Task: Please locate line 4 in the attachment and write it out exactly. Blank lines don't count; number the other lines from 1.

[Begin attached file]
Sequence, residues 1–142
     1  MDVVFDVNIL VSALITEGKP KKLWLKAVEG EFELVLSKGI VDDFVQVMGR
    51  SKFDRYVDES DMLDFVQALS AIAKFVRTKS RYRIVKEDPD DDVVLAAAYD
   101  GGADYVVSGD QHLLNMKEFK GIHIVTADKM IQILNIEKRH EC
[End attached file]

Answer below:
   101  GGADYVVSGD QHLLNMKEFK GIHIVTADKM IQILNIEKRH EC